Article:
(2) matching with each year’s growth rate of China’s total exports during 2001-06. While the first criterion identifies dynamic products as those whose average annual growth rate during 2001-06 is above the average annual growth rate of China’s total exports over the same period. The second criterion is a strict test which identifies dynamic products as the ones which have their annual growth rate above China’s total annual export growth rate in each of the six years under consideration, viz, 2001 to 2006.

    4.1 China’s Trade Composition

    We have analysed China’s major trading partner countries/ regions including the Association of South-East Asian Nations ASEAN-4,1 EU-25, Newly Industrialised Economies NIE-4, Japan and the US for all product categories over the two annual average periods of the triennium ending 2002 (TE-2002) and TE-2006.2 Within the product group categories, China has a huge trade deficit in primary products (Group A) and a high trade surplus in unskilled-labour-intensive products (Group C) (Figure 2). While it had some deficit in natural resource-based products (Group B) in TE-2002, the same had become positive in TE-2006. It has a deficit in technology-intensive products. While the deficit in low and medium technology-intensive products (Group D1) declined during TE-2002 to TE-2006 the same increased in the case of high technology-intensive products (Group D2). China has a trade surplus in human capital (skilled labour-intensive products) both in low and medium human capital-intensive products (Group E1) as well as in high human capital-intensive products (Group E2). It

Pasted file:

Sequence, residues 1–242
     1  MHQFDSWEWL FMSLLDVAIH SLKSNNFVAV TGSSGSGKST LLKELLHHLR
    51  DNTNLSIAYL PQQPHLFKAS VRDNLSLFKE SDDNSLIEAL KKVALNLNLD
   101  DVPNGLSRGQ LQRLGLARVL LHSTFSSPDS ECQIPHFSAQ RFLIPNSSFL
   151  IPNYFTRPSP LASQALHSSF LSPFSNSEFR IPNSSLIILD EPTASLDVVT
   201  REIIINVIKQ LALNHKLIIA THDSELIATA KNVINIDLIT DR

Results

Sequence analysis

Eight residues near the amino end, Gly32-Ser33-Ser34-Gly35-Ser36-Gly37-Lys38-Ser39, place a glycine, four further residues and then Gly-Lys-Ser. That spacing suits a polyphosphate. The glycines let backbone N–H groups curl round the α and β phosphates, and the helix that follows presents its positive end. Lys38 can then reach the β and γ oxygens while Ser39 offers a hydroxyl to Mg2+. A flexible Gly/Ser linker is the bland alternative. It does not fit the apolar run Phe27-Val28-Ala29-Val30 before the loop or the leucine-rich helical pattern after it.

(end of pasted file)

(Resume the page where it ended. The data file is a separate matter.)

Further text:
Figure 3: China's Regionwise Trade Balance (Billion $)

    150

    100

    50

    0

    -50

    -100 ASEAN-4 EU-25 Japan NIE-4 US Others World

    -7.5 -25.3 1.02 66.4 -0.9 -20.7 16.1 58.7 33.7 113.2 -25.9 -88.5 103.9 25.7 TE 2002 TE 2006

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    Table 1: Export Composition of China: Regionwise has been a sharp increase in China’s trade deficit with Japan dur

    China's Exports to Corresponding Regions (Average Values in Shares)

    ing TE-2002 to TE-2006. While China’s trade surplus with EU-25

    TE 2002